- Save 10% on selected children’s books, compliments of Amazon Family Promotion exclusive for Prime members .
On Guerrilla Gardening: A Handbook for Gardening without Boundaries Hardcover – 1 May 2008
Special offers and product promotions
Customers who bought this item also bought
What other items do customers buy after viewing this item?
Enter your mobile number or email address below and we'll send you a link to download the free Kindle App. Then you can start reading Kindle books on your smartphone, tablet, or computer - no Kindle device required.
To get the free app, enter your mobile phone number.
If you are a seller for this product, would you like to suggest updates through seller support?
A spirited cry for gardeners to unite and reclaim derelict urban spaces, complete with tips and inspiring success stories. -- Portland Tribune, 6 June 2008
Probably the most unusual garden book of 2008. On Guerrilla Gardening is well-researched, thorough and truly inspirational. (Noel Kingsbury) -- BBC Gardens Illustrated, July 2008
The best book on the subject so far. -- Powell's Books
[Reynolds] is quickly becoming both a subculture celebrity and a public intellectual, challenging ideas about what it means to live in a city.
-- New York Times, 8 June 2008
About the Author
Richard Reynolds' first illegal cultivation was at college, where he planted windowsills with boxes of Busy Lizzies. He became a guerrilla gardener in earnest in 2004 when he moved into a council block with dilapidated communal flowerbeds in London's Elephant & Castle.
Top customer reviews
The book is more than just a documentation of what has already gone on, it is in itself a productive force that will no doubt alter the landscape by its publication. It is a book that will help to legitimate the democratisation of land at a much more local and individual scale than is true of most of the famous political `guerrillas' he draws insight from.
This is much more than a book about guerrilla gardening and will be of interest to geographers, political scientists, and students of planning and landscape. It is a treatise on the use and misuse of space that challenges the reader to think about how spaces are conceived, used, abused and also how the legal ownership and use of that land is not as fixed as it may appear. Gardening in this book is more than planting; it is a tool for the democratisation of space.
A wonderful book, beautifully written, presented and providing a gateway into a movement that is growing and blooming in the manner of the most beautiful and diverse gardens. And diversity is key. At many points in the book, Reynolds highlights the fact that guerrilla gardening is a movement that acts as an umbrella for a diverse group of political beliefs, lifestyle choices and gardening motives.
The book is split into two sections: one describing the motives, ideas and history of the movement. The second section is packed with practical and easy to follow advice on how to get started as well as how to gain support and develop your garden into something beyond a hobby and into something that is extremely valuable for the community.
In selecting the book's style, Reynolds has clearly opted for the method which would make the book as inclusive as possible. And one may conclude that his strategy has been effective. After visiting the website,I learnt that two gardens within 2 minutes from my front door that I always appreciated and assumed to be the work of Haringey council, is actually the work of guerrilla gardeners.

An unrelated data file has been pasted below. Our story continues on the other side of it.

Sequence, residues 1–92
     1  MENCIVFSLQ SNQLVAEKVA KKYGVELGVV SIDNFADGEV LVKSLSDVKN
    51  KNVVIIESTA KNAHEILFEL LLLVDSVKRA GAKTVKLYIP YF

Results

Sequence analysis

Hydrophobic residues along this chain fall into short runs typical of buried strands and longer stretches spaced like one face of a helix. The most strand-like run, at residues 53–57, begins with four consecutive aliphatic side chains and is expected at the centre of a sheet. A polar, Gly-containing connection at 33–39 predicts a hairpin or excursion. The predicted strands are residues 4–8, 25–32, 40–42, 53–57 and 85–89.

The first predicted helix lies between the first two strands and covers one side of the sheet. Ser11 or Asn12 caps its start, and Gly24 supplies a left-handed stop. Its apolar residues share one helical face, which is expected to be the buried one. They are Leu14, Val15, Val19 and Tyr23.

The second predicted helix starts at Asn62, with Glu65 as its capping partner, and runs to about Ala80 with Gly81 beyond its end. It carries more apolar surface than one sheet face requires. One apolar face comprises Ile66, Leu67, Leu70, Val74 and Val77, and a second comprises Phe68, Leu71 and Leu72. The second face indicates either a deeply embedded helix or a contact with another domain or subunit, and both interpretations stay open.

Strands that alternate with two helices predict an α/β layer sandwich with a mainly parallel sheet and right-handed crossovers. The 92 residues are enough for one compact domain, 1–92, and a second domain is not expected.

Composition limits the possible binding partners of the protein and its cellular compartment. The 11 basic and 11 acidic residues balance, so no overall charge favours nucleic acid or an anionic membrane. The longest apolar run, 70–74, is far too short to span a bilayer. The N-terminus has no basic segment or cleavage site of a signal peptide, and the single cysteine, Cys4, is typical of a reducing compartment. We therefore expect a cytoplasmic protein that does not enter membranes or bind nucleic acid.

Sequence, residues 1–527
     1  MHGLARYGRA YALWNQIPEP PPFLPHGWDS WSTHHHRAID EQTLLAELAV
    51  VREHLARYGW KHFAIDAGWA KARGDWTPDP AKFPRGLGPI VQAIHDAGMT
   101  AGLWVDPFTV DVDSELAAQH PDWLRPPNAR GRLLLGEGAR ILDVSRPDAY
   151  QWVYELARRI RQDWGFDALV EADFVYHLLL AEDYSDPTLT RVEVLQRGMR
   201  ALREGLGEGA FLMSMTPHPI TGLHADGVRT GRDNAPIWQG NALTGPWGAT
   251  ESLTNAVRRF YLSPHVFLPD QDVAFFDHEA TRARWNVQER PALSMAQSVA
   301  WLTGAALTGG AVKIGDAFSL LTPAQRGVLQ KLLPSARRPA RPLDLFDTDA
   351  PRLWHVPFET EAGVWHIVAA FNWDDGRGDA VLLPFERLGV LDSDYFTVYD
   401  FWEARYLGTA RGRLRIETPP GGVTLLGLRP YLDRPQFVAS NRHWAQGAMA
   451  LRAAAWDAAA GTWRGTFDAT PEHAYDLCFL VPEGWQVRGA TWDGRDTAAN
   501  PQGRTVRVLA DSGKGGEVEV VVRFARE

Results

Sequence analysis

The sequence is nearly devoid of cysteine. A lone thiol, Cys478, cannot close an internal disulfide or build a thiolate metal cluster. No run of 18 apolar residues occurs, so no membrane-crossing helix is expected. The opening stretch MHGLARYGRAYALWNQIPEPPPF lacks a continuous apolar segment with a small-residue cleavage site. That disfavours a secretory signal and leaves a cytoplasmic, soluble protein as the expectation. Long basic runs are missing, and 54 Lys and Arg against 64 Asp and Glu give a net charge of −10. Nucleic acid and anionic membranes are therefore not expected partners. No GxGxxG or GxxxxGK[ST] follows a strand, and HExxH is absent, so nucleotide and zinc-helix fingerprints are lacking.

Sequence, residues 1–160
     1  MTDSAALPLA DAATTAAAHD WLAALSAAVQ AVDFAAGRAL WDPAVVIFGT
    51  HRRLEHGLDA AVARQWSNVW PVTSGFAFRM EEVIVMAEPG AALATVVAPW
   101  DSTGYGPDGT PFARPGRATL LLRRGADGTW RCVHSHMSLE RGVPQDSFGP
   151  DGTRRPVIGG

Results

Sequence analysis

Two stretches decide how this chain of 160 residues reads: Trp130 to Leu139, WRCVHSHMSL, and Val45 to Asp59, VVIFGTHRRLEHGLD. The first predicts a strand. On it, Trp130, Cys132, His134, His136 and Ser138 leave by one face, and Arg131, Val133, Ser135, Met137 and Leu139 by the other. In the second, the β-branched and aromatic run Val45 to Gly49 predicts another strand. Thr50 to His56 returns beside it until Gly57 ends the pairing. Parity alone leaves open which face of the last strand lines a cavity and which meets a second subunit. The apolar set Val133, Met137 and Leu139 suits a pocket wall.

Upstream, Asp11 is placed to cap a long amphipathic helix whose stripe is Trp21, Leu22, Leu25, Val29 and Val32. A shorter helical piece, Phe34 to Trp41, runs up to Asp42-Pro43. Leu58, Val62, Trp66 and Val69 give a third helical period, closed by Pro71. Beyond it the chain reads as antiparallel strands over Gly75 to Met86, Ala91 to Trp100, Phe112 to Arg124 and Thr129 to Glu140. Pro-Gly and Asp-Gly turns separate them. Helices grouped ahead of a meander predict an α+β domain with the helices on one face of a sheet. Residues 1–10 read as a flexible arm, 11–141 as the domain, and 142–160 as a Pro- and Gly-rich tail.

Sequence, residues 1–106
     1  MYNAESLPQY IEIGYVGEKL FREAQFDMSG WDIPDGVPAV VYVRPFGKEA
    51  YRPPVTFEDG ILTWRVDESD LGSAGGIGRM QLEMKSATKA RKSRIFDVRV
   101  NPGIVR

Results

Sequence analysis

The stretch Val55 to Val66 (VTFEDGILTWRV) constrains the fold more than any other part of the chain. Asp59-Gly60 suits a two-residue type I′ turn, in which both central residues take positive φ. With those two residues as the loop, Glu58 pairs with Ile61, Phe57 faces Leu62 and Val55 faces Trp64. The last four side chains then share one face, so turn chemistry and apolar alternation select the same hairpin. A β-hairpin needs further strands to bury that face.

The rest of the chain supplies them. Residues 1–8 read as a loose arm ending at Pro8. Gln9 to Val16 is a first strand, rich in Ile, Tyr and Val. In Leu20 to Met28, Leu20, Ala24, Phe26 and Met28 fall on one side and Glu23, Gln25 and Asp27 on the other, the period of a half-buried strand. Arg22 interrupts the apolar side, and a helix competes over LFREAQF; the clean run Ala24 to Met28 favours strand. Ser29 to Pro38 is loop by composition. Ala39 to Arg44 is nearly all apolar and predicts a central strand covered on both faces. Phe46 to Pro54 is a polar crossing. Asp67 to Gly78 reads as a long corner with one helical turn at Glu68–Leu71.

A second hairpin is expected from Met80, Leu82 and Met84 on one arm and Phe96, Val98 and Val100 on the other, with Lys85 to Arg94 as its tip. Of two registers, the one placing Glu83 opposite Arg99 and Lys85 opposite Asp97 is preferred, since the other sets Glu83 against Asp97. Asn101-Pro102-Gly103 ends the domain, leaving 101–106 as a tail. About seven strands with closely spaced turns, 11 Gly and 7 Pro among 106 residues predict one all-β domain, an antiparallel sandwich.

The garden, like the truth in the X Files, is out there.
Power to the Guerrilla Gardeners of the world and to this well written and thoroughly enjoyable book.
An interest in making our surroundings a better place is all you need. Which helps give the lover of urban landscapes by providing an in-road into making their environment a better place - and appreciating how that has been achieved by others.
It's as inspirational a book as the reader wants it to be.
Well written and presented I can't recommend this book strongly enough.
Above all I enjoyed reading it. It made me laugh and feel inspired.
If you do fancy reading the contents too, you'll see that this is also a fantastically enjoyable, highly readable, beautifully illustrated and surprisingly intelligent first outing, by someone I think we'll all be seeing a lot more of in the next few years.
Reynolds is a self-styled 'Guerrilla Gardener'. He digs, weeds and replants unloved public spaces in South London, at night. Anyone who has followed his short but intriguing media career will have noticed that he manages to do this surrounded by an unfeasibly glamourous 'posse' of young Londoners who, it appears, self-select based on good looks, edgy postcodes and highly fashionable ecological credentials. This is not one of those dreadlocked new agers digging up Parliament square and giving Winston a Mohican - more of a well spoken Jamie Oliver of the flowerbeds.
Given all that I'd seen in the newspapers I'd expected a lighthearted, very London (in the Banksy sense of the word) but ultimately feather-light stocking filler. Instead I was surprised to find a thoughtfully written and well referenced book that is one third horticulture, one third social history and one third urban geography. Throughout there are also tracts of effortlessly funny writing. I think it's a charming read and worth a place on any serious gardener's (or urban geographer's) bookshelf.
Would you like to see more reviews about this item?
Most recent customer reviews
Whilst I agree wholeheartedly with the principle of gardening neglected public space, I found Reynolds' tone irritating at...Read more